This article is more than 1 year old
NASA regains control of CAPSTONE lunar orbiter after a tumble
Pinging something missing on a network is frustrating enough, imagine if it's out in space
NASA is back in control of its CAPSTONE spacecraft after the lunar orbiter lost power and communications and spent weeks powered down in safe mode while tumbling through the void.
Early last month, soon after the craft completed a trajectory correction maneuver on its way to orbit the Moon, ground control realized the cubesat was now spinning at a rate that its on-board reaction wheels couldn't get in check. It had lost full three-axis attitude control.
Communications-wise, the bird went silent for 24 hours until some telemetry finally got through to Earth. At that point, engineers knew the spacecraft was spinning through space, had lost or was losing power, and was repeatedly rebooting itself. The twirling probe was still pretty much on course for the Moon but had to be brought back to normal working order.
On September 8, an operational emergency was declared, and teams at aerospace outfits Advanced Space (which developed and manage the probe) and Terran Orbital (who built the thing) racked their brains to develop a fix. Given the feeble state of the signals from the spacecraft, the teams used NASA's Deep Space Network to gather information and communicate with the craft.
Soon the boffins, primarily those at Terran Orbital, were able to figure out and send a message to CAPSTONE – short for Cislunar Autonomous Positioning System Technology Operations and Navigation Experiment – to bring it back into a good operating state. It was next determined the bird was then running in safe mode and spinning in a stable manner. That gave the team hope the microwave-oven-size satellite could be fully recovered.
"The rapid response enabled mission operators to quickly reconfigure the operational state of the spacecraft to stabilize the situation while recovery plans could be further evaluated," Advanced Space said in the middle of last month.
"Based on this exceptional effort and using the limited data available, the operations teams have determined that the spacecraft is in safe mode and appears to have successfully been placed in a stable state. The vehicle is in a rotating orientation that provides partial illumination of the solar panels and results in weak transmission signals from the spacecraft low gain antennas."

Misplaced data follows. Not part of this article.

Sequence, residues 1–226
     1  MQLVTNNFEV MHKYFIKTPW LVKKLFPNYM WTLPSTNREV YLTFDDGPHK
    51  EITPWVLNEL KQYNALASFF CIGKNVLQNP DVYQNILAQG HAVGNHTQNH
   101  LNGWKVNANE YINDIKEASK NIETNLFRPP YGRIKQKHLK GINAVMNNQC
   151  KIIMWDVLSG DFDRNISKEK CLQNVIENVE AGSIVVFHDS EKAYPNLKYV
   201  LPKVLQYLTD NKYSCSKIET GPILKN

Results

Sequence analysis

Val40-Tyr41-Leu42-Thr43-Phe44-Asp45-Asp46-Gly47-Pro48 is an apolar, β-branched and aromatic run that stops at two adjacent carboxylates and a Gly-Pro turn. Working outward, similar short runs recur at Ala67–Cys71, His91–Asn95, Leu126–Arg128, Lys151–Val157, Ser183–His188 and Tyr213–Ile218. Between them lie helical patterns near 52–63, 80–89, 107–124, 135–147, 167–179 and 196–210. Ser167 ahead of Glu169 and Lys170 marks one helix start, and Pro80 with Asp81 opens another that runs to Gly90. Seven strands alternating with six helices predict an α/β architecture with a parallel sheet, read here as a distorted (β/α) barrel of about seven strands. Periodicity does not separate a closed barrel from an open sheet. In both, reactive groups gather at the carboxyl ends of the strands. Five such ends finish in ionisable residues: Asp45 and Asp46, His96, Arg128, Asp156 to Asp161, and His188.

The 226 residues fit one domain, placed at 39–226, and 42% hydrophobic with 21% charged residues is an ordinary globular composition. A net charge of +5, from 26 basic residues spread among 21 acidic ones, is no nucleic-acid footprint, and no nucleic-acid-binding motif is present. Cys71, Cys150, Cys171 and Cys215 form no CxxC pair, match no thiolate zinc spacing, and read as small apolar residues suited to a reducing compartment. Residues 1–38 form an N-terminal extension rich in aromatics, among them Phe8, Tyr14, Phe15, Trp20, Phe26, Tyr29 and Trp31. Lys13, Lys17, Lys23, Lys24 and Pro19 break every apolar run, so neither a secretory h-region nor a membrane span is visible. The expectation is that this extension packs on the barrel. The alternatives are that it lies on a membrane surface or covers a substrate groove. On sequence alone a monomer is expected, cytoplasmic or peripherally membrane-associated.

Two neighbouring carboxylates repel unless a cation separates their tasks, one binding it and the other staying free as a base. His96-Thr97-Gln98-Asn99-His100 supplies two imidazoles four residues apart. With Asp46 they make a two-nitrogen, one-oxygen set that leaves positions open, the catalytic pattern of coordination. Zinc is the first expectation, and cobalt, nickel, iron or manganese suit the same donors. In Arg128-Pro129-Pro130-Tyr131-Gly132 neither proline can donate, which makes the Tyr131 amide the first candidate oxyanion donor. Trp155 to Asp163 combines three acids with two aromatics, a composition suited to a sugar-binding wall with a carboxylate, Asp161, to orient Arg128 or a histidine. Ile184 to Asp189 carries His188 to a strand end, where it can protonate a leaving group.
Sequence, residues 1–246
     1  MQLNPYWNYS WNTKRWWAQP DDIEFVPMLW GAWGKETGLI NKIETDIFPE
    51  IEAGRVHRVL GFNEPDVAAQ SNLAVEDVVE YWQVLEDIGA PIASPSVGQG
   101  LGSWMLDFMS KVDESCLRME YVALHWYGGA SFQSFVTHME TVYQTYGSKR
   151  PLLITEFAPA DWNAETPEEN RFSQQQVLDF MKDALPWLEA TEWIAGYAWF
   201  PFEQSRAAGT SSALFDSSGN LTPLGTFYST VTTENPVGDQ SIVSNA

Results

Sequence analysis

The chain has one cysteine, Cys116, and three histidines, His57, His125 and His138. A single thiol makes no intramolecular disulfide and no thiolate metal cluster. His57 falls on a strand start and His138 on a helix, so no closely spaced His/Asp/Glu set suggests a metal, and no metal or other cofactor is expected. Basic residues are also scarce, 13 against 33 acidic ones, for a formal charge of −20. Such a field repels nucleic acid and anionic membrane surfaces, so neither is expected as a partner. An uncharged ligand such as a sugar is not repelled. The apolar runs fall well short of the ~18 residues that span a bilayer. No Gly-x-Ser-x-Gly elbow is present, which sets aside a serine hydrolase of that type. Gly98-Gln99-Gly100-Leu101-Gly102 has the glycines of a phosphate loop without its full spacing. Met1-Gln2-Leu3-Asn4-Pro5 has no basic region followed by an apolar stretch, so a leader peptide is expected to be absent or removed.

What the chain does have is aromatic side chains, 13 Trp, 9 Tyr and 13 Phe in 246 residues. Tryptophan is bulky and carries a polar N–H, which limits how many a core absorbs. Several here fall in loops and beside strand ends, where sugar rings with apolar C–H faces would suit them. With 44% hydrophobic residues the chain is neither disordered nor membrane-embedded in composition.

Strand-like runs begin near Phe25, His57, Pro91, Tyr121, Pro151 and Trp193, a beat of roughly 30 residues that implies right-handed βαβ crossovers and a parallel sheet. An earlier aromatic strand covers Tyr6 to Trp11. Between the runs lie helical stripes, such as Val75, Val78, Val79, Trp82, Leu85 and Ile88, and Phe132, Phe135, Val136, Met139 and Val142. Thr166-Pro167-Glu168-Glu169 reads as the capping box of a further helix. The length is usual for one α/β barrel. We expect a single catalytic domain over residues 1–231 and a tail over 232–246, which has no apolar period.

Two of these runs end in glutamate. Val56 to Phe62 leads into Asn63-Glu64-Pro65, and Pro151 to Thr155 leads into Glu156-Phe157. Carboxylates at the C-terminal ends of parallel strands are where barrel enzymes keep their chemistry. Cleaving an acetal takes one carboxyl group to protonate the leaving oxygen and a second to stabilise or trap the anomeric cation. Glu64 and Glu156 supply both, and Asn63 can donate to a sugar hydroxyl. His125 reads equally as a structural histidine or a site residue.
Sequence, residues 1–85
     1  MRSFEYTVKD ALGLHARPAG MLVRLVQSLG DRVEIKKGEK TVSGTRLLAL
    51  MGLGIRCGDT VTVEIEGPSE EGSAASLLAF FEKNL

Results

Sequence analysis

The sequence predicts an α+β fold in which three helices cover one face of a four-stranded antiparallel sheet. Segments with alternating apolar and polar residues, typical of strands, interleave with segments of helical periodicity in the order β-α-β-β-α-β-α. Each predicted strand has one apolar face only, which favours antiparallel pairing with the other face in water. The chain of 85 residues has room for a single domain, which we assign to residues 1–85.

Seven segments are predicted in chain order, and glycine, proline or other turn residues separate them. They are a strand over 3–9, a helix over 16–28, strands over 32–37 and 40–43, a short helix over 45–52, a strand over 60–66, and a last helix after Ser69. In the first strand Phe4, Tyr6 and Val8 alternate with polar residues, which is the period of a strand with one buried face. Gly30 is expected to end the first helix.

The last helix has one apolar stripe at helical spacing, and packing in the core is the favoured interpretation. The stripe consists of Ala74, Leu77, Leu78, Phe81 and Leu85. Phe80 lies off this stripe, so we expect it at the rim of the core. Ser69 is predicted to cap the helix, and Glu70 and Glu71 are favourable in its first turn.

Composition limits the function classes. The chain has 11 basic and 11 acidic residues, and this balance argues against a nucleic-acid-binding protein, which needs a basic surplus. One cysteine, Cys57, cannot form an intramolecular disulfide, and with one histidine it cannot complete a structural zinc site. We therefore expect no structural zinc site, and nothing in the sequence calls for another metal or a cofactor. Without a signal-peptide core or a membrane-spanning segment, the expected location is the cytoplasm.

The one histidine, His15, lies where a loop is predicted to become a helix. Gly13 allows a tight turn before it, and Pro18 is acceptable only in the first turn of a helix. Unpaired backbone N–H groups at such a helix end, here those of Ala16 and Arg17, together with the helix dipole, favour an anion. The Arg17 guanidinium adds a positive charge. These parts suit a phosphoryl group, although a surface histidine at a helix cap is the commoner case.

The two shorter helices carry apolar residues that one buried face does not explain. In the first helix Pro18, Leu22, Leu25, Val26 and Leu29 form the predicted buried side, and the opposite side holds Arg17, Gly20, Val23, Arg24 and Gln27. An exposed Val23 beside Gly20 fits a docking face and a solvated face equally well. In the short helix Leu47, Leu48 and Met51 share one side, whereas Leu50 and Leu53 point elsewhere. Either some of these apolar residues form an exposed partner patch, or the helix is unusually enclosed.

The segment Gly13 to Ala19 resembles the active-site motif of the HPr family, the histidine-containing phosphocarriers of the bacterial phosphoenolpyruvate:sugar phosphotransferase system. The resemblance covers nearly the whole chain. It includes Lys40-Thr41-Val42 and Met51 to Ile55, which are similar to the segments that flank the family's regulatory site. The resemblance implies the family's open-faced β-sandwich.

Since then, instructions to set the orbiter right were successfully uploaded and last week executed, resulting in the probe pointing its solar panels at the Sun and its radio antennas at Earth, putting ground control back in the driver's seat. With reliable power and comms, more commands could be sent as needed, and data received, to complete the mission.
"Initial telemetry and observation data after the recovery attempt points to a successful recovery of the system which has now regained three-axis attitude control," Advanced Space confirmed in a statement before the weekend.
"The updated spacecraft attitude has oriented the spacecraft solar arrays to the Sun and implemented an orientation for the downlink antennas which significantly improves data downlink performance as compared to the pre-recovery attitude."
- NASA's CAPSTONE silence down to a software flaw
- Rocket Lab CEO reflects on company's humble beginnings as a drainpipe
- ESA declares the Sentinel-1B mission over after payload resuscitation ends
- NASA's Lunar Orbiter spots comfortably warm 'pits' all over the Moon
The teams believe the loss of attitude control stemmed from a partially open valve on one of CAPSTONE's eight thrusters. Every time the propulsion system was pressurized, the flawed valve would impart some thrust and unexpectedly jolt the spacecraft out of position. A workaround is being prepared.
"Over the coming days, the spacecraft status will be monitored while the team works to evaluate subsequent changes to the spacecraft operating procedures so that upcoming critical events can be conducted in the possible presence of a valve that remains partially open. In parallel, the mission team will work to design possible fixes for this valve related issue to further reduce the risk of future propulsive operations," Advanced Space said.
CAPSTONE was launched in June, and is flying to the Moon where it will enter a near-rectilinear halo orbit (NRHO). The orbit will mean the little sat will travel along a slightly more curved path around the Moon compared to more traditional elliptical lunar orbiters. CAPSTONE is examining whether NRHOs are stable enough to place the proposed Lunar Gateway, a space station for astronauts, around the Moon in the future.
The mission hasn't gone smoothly so far, clearly. Even before the thruster anomaly, the bird lost communication with Earth due to a software bug in its flight software in July. If all goes according to plan, CAPSTONE is expected to reach the Moon and be inserted into a NHRO on November 13. ®